Even bigger and more powerful than the mighty grizzlies, polar bears are the undisputed lords of the Arctic Circle. That crown is a little harder to hold onto in a fantasy setting (blame those frost worms), but the CR 8 dire polar bear can certainly hold its own against a remorhaz or even a young white dragon (particularly if they were, say, tussling over lairing rights in a cave that prevented the dragon from going aloft). All in all, polar bears prove you don’t need a lick of magic to be mighty.
Some puffin sprites (treat as bird-bodied grigs with a swim speed that matches their fly speed; they play tautiruts instead of fiddles) are being preyed upon by a polar bear. Adventurers who aid them will make lifelong friends skilled in navigating the arctic.
Bear-baiting is still a popular sport in Monkrot. The half-orc fixer Ferston Two-Shames wants adventurers to capture him a polar bear to spice up fight night.
Some of the arctic’s most carefully kept secrets are the ley line refineries that mine and process raw magical power, driving factories that churn out enchanted weapons, metal ships, and even ritual firearms. Magical pollution is rampant as well—for instance, the purple-black Aurora Eldrena is no true aurora at all, but a result of eldritch venting. Said pollution has also caused warped creatures to be born, including dire polar bears of sizes not seen since primordial times. The beasts lurk in the trash heaps and slag pits in the shadow of the refineries, scavenging for food and careless factory workers.
—Pathfinder Adventure Path #67 82–83 & Pathfinder Bestiary 5 41
One of the first issues of Dragon Magazine I ever bought, #141, featured Mickey Zucker Reichert’s “The Ulfjarl’s Stone,” a great story about a son trying to live up to his father’s deathbed demands—and in doing so, having to face a polar bear alone in the wilderness. Worth the read.
I feel like I’ve talked about this issue before, but if I have my Google-fu is failing me. So to make sure I’ve covered my bases, let me officially say that this issue is very worth checking out even beyond the fiction, especially for a 27-year-old magazine. (Not all 1e Dragons fare so well.) Focused on humanoids and giants, it serves up a number of subspecies and new species that might inspire your own monster creation, as well as an article on tactics that might still be useful even today, and an encyclopedic article on the worship habits of humanoid and giant shamans and witch doctors. (Given how demanding evil humanoid deities were back then, it’s no surprise humanoid spellcasters were so rare.) History buffs will also be into “Hey, Wanna Be a Kobold?”, an early attempt at humanoid PC generation in AD&D. (…Though D&D’s GAZ 10 The Orcs of Thar had already beaten them to it, because Bruce Heard is the bomb.) So yeah, like I said, worth the read.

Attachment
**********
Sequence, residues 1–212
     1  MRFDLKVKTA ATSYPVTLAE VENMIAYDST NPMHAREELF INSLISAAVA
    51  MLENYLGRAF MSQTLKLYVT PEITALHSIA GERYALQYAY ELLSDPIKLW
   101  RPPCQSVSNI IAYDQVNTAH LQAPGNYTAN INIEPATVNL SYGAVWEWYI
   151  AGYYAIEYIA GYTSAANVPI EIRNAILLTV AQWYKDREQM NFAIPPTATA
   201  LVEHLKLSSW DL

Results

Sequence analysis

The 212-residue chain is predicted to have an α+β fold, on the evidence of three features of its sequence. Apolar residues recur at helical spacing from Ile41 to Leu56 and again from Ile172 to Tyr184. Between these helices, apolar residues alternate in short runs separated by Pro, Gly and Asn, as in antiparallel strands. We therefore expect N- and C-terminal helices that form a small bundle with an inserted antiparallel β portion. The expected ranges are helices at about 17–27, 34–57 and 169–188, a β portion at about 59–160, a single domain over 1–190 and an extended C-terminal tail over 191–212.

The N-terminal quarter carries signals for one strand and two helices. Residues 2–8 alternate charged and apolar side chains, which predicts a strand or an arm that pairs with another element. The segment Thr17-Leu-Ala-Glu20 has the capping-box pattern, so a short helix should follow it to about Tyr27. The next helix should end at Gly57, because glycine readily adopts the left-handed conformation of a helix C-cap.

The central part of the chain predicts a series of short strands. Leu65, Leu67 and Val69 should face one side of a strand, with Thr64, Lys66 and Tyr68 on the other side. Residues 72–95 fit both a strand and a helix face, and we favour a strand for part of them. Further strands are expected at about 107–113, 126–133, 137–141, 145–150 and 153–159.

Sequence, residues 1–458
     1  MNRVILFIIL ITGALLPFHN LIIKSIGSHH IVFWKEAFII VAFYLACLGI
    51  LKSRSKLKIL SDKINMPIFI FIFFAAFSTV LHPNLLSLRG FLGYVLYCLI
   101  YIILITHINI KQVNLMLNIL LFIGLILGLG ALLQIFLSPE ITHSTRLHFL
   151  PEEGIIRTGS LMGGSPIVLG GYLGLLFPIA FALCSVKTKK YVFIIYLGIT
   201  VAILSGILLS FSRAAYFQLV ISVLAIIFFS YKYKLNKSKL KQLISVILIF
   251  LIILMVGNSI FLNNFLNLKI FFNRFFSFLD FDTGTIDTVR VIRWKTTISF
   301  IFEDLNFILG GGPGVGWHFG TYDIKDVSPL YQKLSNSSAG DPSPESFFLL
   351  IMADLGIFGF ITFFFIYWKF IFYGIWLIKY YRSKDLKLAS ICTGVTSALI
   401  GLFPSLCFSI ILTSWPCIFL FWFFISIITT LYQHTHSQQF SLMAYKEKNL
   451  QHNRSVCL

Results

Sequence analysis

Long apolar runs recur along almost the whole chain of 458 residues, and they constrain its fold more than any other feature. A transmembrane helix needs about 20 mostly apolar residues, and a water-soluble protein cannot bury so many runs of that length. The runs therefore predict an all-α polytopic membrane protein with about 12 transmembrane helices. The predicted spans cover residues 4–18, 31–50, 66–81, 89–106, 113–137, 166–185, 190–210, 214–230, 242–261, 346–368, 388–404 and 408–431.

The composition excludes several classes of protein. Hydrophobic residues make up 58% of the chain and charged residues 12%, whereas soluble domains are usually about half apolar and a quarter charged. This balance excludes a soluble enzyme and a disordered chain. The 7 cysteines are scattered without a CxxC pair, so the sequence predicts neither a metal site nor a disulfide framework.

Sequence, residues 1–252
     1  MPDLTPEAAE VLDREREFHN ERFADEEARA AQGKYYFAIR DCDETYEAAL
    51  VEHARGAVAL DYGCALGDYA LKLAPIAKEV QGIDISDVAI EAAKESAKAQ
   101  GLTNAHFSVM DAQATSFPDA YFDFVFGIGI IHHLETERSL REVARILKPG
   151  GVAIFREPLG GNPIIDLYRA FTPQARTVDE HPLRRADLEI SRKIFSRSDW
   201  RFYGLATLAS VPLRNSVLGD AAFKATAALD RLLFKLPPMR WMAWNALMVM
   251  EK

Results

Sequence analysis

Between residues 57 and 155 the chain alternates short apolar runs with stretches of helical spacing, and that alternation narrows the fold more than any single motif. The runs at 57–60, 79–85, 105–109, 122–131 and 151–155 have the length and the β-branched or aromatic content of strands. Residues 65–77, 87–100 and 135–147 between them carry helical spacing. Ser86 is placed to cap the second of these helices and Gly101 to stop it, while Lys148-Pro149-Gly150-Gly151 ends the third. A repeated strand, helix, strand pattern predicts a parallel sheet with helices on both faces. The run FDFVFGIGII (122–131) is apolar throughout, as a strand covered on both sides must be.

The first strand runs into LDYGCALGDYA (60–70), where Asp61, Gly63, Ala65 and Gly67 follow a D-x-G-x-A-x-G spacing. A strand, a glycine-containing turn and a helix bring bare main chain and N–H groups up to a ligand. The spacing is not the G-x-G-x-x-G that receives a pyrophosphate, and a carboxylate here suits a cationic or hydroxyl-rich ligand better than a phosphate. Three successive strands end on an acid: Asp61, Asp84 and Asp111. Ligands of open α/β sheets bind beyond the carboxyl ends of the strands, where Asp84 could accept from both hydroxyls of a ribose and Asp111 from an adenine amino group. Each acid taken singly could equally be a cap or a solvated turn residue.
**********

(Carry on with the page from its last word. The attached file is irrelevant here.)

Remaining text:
No radio show last night, as you may have noticed. Lots of life stuff going on. That’s also the reason this entry is a week late. …Offfff course, it’s also late because I spent an entire evening searching for an entry on dire polar bears (along with some great lumpy dire polar bear art) that I swore was in the pages of Pathfinder Adventure Path…only to discover it was really in the 3.5 D&D tome Frostburn all along. D’oh! (PS: If you’re new to this blog, check out my thoughts on FB and so many other 3.5 books—why they're good on their own, and how they might fit in your Pathfinder game—right here.)